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Weekly Updates: Africa | Asia | Latin America

09 December 2010

Africa Update #7

East Africa remains dry as what should have been the wet season draws to a close. Meanwhile in the south, heavy rainfall is causing rivers to rise, but promises a good cropping season. Mozambique remains the most affected country, but Zambia, Zimbabwe and Malawi have also seen in excess of 150 mm (6 inches) of rainfall just in the last week. Across the north, a few frosts are likely.

Drought continues to plague East Africa. No rainfall arrived in Ethiopia or Somalia during the last week. In Kenya, only along the Tanzania border and near Lake Victoria did any precipitation fall. Whatever harvest may have been hoped for, it will not arrive. The earliest chance of significant rainfall will be in March across parts of Kenya and April for Somalia and Ethiopia.

In the south they are having the opposite problem, too much precipitation, and it is expected to stick around for the duration of the season. This will be beneficial, but may cause localized flooding. Flooding is also going to be possible from rivers rising above their banks when heavy rains fall upstream. Crops may have to be replanted as seeds and younger plants get washed away. Injuries and fatalities are also likely. Heavy endless rainfall may also deny people the ability to weed and take care of other field work. Less sunshine may also cause problems for crops, which need both sunshine and moisture. Cyclonic activity is expected to increase during this season as well, posing the largest threat towards Mozambique and Madagascar.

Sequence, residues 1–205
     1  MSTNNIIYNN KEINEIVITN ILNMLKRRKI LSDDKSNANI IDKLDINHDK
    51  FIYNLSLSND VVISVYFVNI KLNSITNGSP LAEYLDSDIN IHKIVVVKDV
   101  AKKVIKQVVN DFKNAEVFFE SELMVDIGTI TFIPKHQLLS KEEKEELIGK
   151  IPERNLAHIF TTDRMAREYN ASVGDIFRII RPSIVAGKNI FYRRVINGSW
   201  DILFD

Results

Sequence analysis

Rainfall came down to quickly across central Mozambique and nearby areas of Zimbabwe, Zambia and Malawi. For the past week rainfall totals exceed when any part of East Africa has received for the total season. There was likely flooding across all three of these countries, however only in Mozambique is there the potential for widespread problems as a result of last weeks rain. Next week will likely be quieter in the south, with the exception of the Maize Triangle in South Africa. That is not likely to be as heavy as last week, and as you can see in the image above, South Africa generally did not receive an excess of rainfall during the past week.

No widespread freezes during the next week in the north, however there will be a few frosts on the highest elevations of the Atlas Mountains in both Morocco and Algeria. The Egyptian and Libyan deserts may also have some frost in the early morning hours during the next seven days.

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